Electrically Powered Bicycle Trailer & Hand Cart (DIY)

electric powered bike trailer

The German-made Carla Cargo is a three-wheeled cycle trailer with an electric assist motor. It can be pulled by any type of bicycle (including a cargo cycle or an electric bike), and it allows you to carry heavy (up to 150 kg) and bulky cargo (a loading platform of 60 x 160 cm). Uncoupled from the bicycle, the Carla Cargo works as a hand cart for large or heavy loads. The vehicle weighs 40 kg including the battery, and has a range of 40 to 60 km.

carla cargo bike trailerThe electric motor is built into the front wheel and can produce 250 watts as a trailer (up to 23 km/h), and 500 watts as a handtruck (up to 6 km/h). The lithium-ion battery has a capacity of 11 or 15 Ah. The vehicle has two disk brakes and a parking brake, which are controlled via the handle or the bicycle handlebar.

The Carlo Cargo sells for about 4,000 euro. The construction manual is freely accessible online, but only in German for now. The trailer/handcart is present at the International Cargo Bike Festival, April 16-17, in Nijmegem, the Netherlands.

Previously: 8-wheeler cargo cycle.

Water Johads: A Low-Tech Alternative to Mega-Dams in India

water johad india

When the British colonized India, they imposed their own system of water management, which included the building of large-scale dams, sewers, and irrigation channels. This high-tech approach continues today, as the World Bank is urging India to build enormous dam projects to fight drought and depleted aquifers. The Indian government has followed its advice. Its first Prime Minister, Jawaharlal Nehru, called dams the “Temples of modern India”. Since then, India has built over 5,000 dams and large reservoirs. [1]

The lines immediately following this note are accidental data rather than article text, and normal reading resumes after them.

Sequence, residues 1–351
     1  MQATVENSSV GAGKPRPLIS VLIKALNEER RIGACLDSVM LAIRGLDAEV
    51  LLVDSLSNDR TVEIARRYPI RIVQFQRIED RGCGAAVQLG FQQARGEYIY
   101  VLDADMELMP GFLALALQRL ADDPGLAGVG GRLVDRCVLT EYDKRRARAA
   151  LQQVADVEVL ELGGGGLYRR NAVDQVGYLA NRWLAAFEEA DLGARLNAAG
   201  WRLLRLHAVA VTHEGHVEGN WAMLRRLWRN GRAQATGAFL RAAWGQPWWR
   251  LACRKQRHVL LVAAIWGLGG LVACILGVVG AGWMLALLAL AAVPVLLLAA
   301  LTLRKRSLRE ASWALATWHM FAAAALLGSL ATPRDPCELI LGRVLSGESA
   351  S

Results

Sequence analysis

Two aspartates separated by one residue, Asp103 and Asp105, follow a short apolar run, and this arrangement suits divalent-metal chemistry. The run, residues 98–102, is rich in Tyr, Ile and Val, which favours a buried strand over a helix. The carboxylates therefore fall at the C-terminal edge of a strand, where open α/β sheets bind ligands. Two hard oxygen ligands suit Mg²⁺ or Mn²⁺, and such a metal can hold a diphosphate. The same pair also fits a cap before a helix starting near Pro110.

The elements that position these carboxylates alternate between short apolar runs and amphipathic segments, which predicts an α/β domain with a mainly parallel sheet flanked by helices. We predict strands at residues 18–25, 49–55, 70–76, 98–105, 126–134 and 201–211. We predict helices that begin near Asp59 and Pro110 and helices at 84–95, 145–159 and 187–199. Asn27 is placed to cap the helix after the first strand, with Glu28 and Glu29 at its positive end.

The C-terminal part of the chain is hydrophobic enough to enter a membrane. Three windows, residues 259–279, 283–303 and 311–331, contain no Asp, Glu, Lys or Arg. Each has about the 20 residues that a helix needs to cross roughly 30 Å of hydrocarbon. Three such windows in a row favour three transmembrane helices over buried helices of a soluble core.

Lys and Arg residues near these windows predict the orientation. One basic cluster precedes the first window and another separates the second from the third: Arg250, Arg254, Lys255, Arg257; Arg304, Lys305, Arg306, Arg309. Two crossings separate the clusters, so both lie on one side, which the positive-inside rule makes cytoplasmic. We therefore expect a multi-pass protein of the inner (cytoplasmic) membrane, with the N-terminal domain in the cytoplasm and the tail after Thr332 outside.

However, before the British arrived, people on the subcontinent used traditional low-cost, low-tech engineering to collect rainwater for thousands of years. This involved the placement of thousands of small structures throughout rural areas which, in one way or another, catch excess rainwater from the monsoon months and allow it to slowly percolate into the groundwater during the dry season. To maintain and manage these structures, community-based management schemes were necessary. However, these were actively discouraged during British rule and following independence. As a result, in the 20th century many of these small reservoirs fell into disrepair.

[Read more…]

A World Made of Rotor Blades

public seating rotor blades close

Almost a quarter of a million windmills worldwide will need to be replaced by 2030. The rotor blades are made of valuable composite materials that are difficult to recover at the end of their energy generating life. New generation rotor blades made of glass or carbon fibre composite material have average lifespans of between 10 and 25 years. Recycling of glass fibre composite is possible though complex. Recycling of the more highly valued carbon fibre composite is currently impossible. In many EU countries landfill of carbon composites is now prohibited. Thus, many rotor blades at the end of their wind turbine life are currently shredded and incinerated. At current growth rates, by 2034, there will be about 225,000 tonnes of rotor blade composite material produced annually, worldwide.